When a recently retired couple decided to build a house on Gloucester’s back coast, they asked architect John DaSilva to use local materials that tell a story. DaSilva, the design director of Polhemus Savery DaSilva Architects Builders (PSD), was thrilled. After all, Gloucester’s profile as a bucolic summer community on Cape Ann is only part of its rich history.
PSD, an integrated Cape Cod architecture and construction firm, relished finding special pieces that reflect the deep history of this North Shore town to add to the shingle-wrapped home overlooking Brace Rock. A fireplace surround was made from granite mined from the Johnson Quarry in Rockport. Serving as a coat is a cut newspaper that had been stored for use on the Constitution of the USS—“Old Ironsides” – and finally buried in mud and recovered from the Charleston shipyard. Paintings by Côte-Nord artists are hung throughout the house.
“The owners love the character of Gloucester,” says DaSilva, “and so do I. It’s a very vibrant waterfront. There is the working harbor and a shoreline of rocks and ledges with fishing boats, freighters and sailboats visible on the horizon. The architectural history is also incredibly rich.
For the couple, longtime residents of Boston, the treasure trove of materials was perfect. “We wanted a house with an architectural personality, but it didn’t seem out of place,” explains the owner.
The details aren’t the only thing driving the dynamism here. DaSilva’s skillful touch gives the whole form and space a spirit of movement, inviting visitors to new discoveries. A touch of anticipation begins at the front door. The earth-facing front porch is defined by a “cobweb” screen wall, as DaSilva describes it. The ocean side is largely left free for large expanses of glass, providing pleasant ocean views.
It was crucial for everyone involved that the house reflect the culture and architecture of the region. “The overall style and ethos here is contemporary Shingle style,” says DaSilva. Eclectic details dot the exterior: subtle curves in the shape of the house, impeccably crafted shingle brackets, and a knife-edged roof with no fascia panel add distinction and charm. The large-scale flat screen wall arouses interest. “It’s very emphatic,” DaSilva says. “The big tassel in the center is set low so the opening seems compressed. There’s a certain tension, if you will, of anticipation. An off-center front door strikes a laid-back note.” a little more unexpected and mysterious.” Also, it worked better for the floor plan, he adds.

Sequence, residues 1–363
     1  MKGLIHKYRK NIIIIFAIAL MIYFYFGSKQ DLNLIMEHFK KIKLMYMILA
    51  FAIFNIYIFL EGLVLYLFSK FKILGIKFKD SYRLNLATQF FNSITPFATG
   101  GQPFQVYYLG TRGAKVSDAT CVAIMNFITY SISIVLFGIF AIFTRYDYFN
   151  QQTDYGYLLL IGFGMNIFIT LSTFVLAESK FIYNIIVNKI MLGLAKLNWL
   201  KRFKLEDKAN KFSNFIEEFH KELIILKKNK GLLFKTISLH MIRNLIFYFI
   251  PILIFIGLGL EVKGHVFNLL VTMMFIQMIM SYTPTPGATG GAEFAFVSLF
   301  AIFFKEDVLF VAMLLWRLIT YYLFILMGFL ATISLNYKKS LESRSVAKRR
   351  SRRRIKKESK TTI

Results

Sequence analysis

Plantings by PSD Principal Landscape Architect Rob Calderaro also draw the eye to the entrance. Feather reed grass lends movement and grace to the front side. Large masses of plantings, such as Black-Eyed Susans, Russian Sage and Fountain Grass provide privacy and interest. A berm and masses of flowers add ocean-side privacy. “Because we are an integrated architecture, landscape architecture and construction company, the process was seamless,” says Calderaro.
The entrance offers a direct view of the ocean to the back of the house. On the wall is a striking painting by marine painter Frederick Judd Waugh. Upon arrival, visitors pass a flight of stairs to the second floor and a butler’s pantry, and then reach the centrally located Great Room. The living, dining and kitchen areas are arranged in an open plan, with each space defined by individual ceiling treatments: at the highest point of the living room ceiling are checkerboard plank and batten panels. The dining room has an octagonal dome highlighted by a light from the cove. Nearby are built-in geometric shelves. The first floor also houses the master suite, with a private terrace and stunning water views. On the second floor is a guest suite, office, music room and sitting area with patio doors that open onto a porch above the living room.
Interiors, by Dennis Duffy of the Duffy Design Group in Boston and Tampa, Florida, are filled with soft colors and natural textures. Duffy has worked with the owners for years on other projects. “Whenever we build a house with a strong architectural framework, we try to complement the structure and connect it to the surrounding environment,” says Duffy. It was also important to keep a somewhat informal tone. Wilson Kelsey Design was also involved in the interior design.
A muted interior palette continues throughout the home, with shades of taupe, gray and creamy white, occasionally tinted with a deeper color. The floor is oak of random width of characteristic quality, stained in honey color.
Even the most understated pieces have character. In the dressing room is porcelain tile flooring, a hint of gothic spirit and, yes, another view of the ubiquitous Atlantic Ocean, the best feature of all. The owners realize their good fortune. Said the owner with a smile: “We like to sit in the living room, in our comfortable armchairs, have a coffee and look at the ocean. We are lucky to be here.